A (Steve) Christmas Story, holiday birthdays and Canadian baseball notes

*This is my (Steve) Christmas card to you. I wish you joy this holiday season and I want to thank you from the bottom of my heart for your support of this blog. I found out on Thursday that I was the winner of Baseball Canada’s Bob Elliott Media Recognition Award. You can read more about the award here. I was both completely surprised and deeply honoured when I learned I was the recipient. To receive an award named after Bob Elliott – someone whom I respect so deeply – is an absolute honour. Thank you so much to Baseball Canada. I have received many congratulatory messages and have tried to respond to each personally, but if somehow I missed you, I want to apologize and say thank you.

I wish you and your family all the best during the holidays.


Kevin Glew

P.S. More on Steve Christmas below.

By Kevin Glew

Cooperstowners in Canada

The most disappointing thing about the only major league player to have the last name “Christmas” is that he was not born on December 25.

Former Cincinnati Reds, Chicago White Sox and Chicago Cubs catcher Steve Christmas entered the world 16 days prior to that magical date in 1957.

And almost as disappointing is the fact that he was born in balmy Orlando, Fla. I wasn’t expecting the North Pole, but I was hoping he had at least been raised in Michigan or Wisconsin.

But much like jolly old Saint Nick, Steve Christmas has become somewhat of a mysterious figure. I can’t seem to find definitive contact information for him on social media, although I suspect this LinkedIn profile (which would make him a Business Development Manager for Matthew Roberts Air Conditioning & Heating in Orlando) might be him.

Sports Card Forum, one of the best sites for former players’ addresses, lists him as living in Chuluota, Fla., (about 22 miles northwest of Orlando) but no autograph seeker has successfully received a reply from Christmas at that address.

A Google search of Christmas produces his baseball statistics and little else and almost nothing has been written about him since he played his final major league game on April 28, 1986.

In all, Christmas batted .162 in 24 big league games over parts of three seasons between 1983 and 1986.

Of course, on this blog, my goal is to uncover Canadian connections to a player, but for Christmas I’d be stretching it to say that there are any. He competed in two of his 24 major league contests against the Montreal Expos when he was with the Cubs, but both of those were played at Wrigley Field. In his second-last MLB game, on April 27, 1986, he pinch-hit for outfielder Bob Dernier in the eighth inning and hit a two-run double off Expos closer Jeff Reardon which sparked a five-run rally and a comeback 12-10 win for the Cubs.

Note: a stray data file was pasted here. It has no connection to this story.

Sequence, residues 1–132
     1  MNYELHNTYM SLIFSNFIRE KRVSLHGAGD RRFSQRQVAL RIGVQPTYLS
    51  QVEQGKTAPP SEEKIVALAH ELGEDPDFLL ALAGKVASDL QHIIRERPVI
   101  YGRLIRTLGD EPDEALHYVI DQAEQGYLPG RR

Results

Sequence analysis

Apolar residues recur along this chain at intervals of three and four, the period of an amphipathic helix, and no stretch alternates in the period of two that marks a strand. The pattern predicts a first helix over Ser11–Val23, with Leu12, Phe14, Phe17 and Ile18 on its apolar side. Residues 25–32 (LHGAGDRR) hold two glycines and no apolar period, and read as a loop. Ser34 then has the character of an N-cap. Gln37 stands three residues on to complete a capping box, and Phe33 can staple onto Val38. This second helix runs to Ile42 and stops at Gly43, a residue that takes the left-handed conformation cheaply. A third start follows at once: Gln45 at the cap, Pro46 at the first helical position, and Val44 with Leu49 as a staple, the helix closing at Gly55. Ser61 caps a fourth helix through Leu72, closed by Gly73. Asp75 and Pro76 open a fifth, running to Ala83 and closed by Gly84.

The only other potential Canadian connection I could find is that he might have been a teammate of right-hander Gordie Pladson (New Westminster, B.C.) on the triple-A Tucson Toros in 1983. Christmas played 48 games for the Toros that season and Pladson made five appearances. But newspaper accounts seem to indicate that by the time Pladson began pitching with the Toros in mid-August, Christmas had moved on to the triple-A Indianapolis Indians.

But all is not lost. I’ve devoted a lot of time to researching Steve Christmas over the years and here are a few interesting tidbits that I found out about him:

– He made his MLB debut on September 1, 1983 with the Reds. Christmas was a catcher and 1983 was Hall of Famer Johnny Bench’s final MLB season. By this time, Bench was primarily playing third base, but it must have been a thrill to share a clubhouse with the legend.

-Christmas enjoyed his longest big league tenure (12 games) with the White Sox in 1984 where he briefly served as the backup to another Hall of Fame catcher — Carlton Fisk.

-He spent the bulk of the 1986 season with the triple-A Iowa Cubs where he would’ve caught a promising 20-year-old right-hander named Greg Maddux. In Iowa that season, Maddux went 10-1 with a 3.02 ERA in 18 starts before receiving his first big league call-up that September.

Some Canadian Baseball Christmas Trivia . . .

-Rickey Henderson is the most famous former Toronto Blue Jay born on Christmas Day. The Hall of Famer and all-time stolen base champ was born on December 25, 1958. The “Man of Steal” had a .356 on-base percentage and swiped 22 bases in 44 games after being acquired by the Blue Jays in their 1993 World Series-winning season. Former Blue Jays coaches, Bruce Walton and Marty Pevey, who both played briefly with the Expos, were born on Christmas Day in 1962.

-On top of Walton and Pevey, three other ex-Expos were also born on Christmas Day: Manny Trillo – whose full name is Jesus Manuel Marcano Trillo – (1950), Charlie Lea (1956) and Wallace Johnson (1956).

-Adopted Canadian Scott Bullett turn 54 on this Christmas Day. Born in Martinsburg, West Virginia in 1968, Bullett now lives in Welland, Ont., and operates the Bullett Proof Baseball Academy. He suited up for 247 games in parts of four major league seasons between 1991 and 1996 with the Pittsburgh Pirates and Cubs.